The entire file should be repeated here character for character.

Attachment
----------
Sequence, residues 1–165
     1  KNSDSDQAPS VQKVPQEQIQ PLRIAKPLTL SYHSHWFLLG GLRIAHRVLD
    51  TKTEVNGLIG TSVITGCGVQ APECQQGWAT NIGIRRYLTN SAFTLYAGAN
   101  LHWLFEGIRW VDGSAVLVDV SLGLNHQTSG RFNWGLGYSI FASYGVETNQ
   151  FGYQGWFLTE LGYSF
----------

Sequence, residues 1–165
     1  KNSDSDQAPS VQKVPQEQIQ PLRIAKPLTL SYHSHWFLLG GLRIAHRVLD
    51  TKTEVNGLIG TSVITGCGVQ APECQQGWAT NIGIRRYLTN SAFTLYAGAN
   101  LHWLFEGIRW VDGSAVLVDV SLGLNHQTSG RFNWGLGYSI FASYGVETNQ
   151  FGYQGWFLTE LGYSF